China has also been inking similar deals with Asian partners to promote the use of local currencies, like it did with Indonesia last September. The use of the Chinese yuan has seen a significant boost in recent years in trade, but also as a reserve currency. This is a trend that Morgan Stanley analysts expect to continue, predicting that the currency will account for 5% to 10% of global foreign exchange reserve assets by 2030, making it the third largest reserve currency in the world, after the US dollar and the euro. Meanwhile, other local currencies have also been enjoying wider use, as domestic consumption and inter-Asian trade continue to strengthen.
Accelerators and triggers
Apart from slower-moving shifts such as the ones outlined above, there were also some key events that served as triggers and further boosted the regions’ prospects. Chief among them was the Covid pandemic. Although in some cases the measures taken did not fit the western understanding of personal freedom and self-determination, the way that it was handled by many Asian nations proved to be very effective.
Asian experience with previous outbreaks arguably played an important role in this. The quick government response, efficient testing campaigns, swift border closures, all contributed to a faster containment and to an earlier resumption of economic activity. This provided a valuable head start to the recovery and a clear advantage going into the new year, with the IMF predicting a strong growth rebound to 6,6% in 2021.
The US-China trade war was another interesting accelerator, as it was smaller Asian economies that arguably reaped the spoils. For example, US imports from Vietnam kept growing throughout the trade crisis. By 2019, they were up nearly 40% year on year, while those from China had sunk by more than 20% and in the summer of 2020, the US trade deficit with Vietnam surged to an all-time 7 high. Overall, according to UBS analysts, the Vietnamese economy now presents “one of the brightest outlooks in Asia”, with growth set to rebound to 6,8% in 2021. Supporting this positive view is the EU-Vietnam free trade agreement, signed in 2020, that scrapped almost 99% of customs duties and is expected to spur foreign direct investment.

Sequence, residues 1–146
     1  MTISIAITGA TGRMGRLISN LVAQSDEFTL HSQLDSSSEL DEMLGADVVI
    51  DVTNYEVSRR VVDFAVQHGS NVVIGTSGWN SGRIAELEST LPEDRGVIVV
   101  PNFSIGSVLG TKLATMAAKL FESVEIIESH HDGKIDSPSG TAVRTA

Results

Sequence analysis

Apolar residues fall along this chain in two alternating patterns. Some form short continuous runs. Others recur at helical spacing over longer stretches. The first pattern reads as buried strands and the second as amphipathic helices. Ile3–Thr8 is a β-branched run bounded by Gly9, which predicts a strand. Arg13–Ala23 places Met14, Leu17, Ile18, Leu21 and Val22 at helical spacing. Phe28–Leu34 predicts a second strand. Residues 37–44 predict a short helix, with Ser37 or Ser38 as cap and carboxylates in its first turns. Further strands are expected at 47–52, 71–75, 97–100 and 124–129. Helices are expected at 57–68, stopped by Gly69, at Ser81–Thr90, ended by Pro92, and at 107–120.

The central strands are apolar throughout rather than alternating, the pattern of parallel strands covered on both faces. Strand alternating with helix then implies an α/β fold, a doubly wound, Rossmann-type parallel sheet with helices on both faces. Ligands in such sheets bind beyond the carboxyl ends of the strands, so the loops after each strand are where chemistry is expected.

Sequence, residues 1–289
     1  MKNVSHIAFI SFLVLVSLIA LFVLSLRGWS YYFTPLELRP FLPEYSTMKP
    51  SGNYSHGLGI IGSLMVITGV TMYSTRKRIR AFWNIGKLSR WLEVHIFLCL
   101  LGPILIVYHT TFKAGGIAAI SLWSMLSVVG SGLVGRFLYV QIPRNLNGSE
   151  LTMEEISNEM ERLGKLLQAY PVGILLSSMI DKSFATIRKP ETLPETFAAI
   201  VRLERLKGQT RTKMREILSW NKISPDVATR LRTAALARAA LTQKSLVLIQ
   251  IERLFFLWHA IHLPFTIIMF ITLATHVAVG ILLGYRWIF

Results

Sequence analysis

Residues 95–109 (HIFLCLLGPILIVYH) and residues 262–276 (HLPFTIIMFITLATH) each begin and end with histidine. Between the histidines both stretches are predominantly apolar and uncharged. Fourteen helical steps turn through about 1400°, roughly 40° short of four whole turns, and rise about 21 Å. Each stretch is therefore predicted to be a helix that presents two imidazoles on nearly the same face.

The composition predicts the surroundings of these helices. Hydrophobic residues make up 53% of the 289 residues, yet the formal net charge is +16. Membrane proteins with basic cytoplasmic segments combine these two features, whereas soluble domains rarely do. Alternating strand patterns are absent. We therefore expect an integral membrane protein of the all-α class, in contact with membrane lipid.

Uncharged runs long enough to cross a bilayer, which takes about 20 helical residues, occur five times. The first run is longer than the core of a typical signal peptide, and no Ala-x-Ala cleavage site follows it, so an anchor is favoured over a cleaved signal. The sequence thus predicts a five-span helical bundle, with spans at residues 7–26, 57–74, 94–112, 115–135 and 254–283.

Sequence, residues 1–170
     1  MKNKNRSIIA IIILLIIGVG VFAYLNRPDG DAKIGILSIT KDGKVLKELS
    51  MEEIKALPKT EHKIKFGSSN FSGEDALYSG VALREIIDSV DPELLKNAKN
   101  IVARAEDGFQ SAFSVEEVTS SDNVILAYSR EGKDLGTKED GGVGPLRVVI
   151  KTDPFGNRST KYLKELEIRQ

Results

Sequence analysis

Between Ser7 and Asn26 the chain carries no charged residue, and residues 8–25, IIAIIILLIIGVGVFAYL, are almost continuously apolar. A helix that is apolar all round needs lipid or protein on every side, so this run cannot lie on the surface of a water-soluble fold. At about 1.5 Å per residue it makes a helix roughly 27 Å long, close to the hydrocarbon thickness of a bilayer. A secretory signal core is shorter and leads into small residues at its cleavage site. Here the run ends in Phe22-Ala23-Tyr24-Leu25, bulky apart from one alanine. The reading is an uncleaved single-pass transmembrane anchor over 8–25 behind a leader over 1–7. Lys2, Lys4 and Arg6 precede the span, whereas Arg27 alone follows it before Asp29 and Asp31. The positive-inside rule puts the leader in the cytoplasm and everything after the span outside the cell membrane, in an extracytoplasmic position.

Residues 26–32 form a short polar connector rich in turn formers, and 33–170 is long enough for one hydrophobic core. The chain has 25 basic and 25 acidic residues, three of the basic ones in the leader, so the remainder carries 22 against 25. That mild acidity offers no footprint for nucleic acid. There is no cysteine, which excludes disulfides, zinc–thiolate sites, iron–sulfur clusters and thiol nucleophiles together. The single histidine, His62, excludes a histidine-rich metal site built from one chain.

Of course, when it comes to Asian trade deals, we couldn’t fail to take into account the largest and most consequential of them all, namely the Regional Comprehensive Economic Partnership (RCEP). Signed in November 2020, after 8 years of negotiations, it created the largest trading bloc in the world. Consisting of 10 Southeast Asian countries, as well as China, Japan, South Korea, Australia and New Zealand, members of the RCEP make up nearly a third of the world’s population and account for almost 30% of global GDP. The RCEP aims to eliminate tariffs within 20 years, but also includes provisions that help streamline trade rules and supply chains. This deal is expected to provide a remarkable boost for the region and to strengthen its economic and geopolitical position on a global scale.
RCEP: The world’s largest trade bloc
Source: Bloomberg, Statista
At BFI Infinity, we see Asia’s bright outlook as a great investment opportunity. Overall, Asian markets have now matured and are quickly catching up with the West. They no longer present merely speculative attractions but are now ripe for sound investments and can offer both value and growth, often at very attractive price levels. We can see this in equity markets, where Asian stocks appear cheaper compared to the current valuations in the US and Europe, and in the debt market too, where Asian high yield and investment grade bonds both offer better yields than their developed market counterparts. The currency diversification which comes with these investments might positively add to the performance as well.
Of course, Asia shouldn’t be seen as a homogenous block and there are still structural, political, geopolitical and economic issues that vary from market to market and that need to be taken into consideration. Nevertheless, with a careful and diligent selection process, investors can find excellent opportunities in the year ahead, especially given Asia’s head start in the recovery stage after the Covid crisis.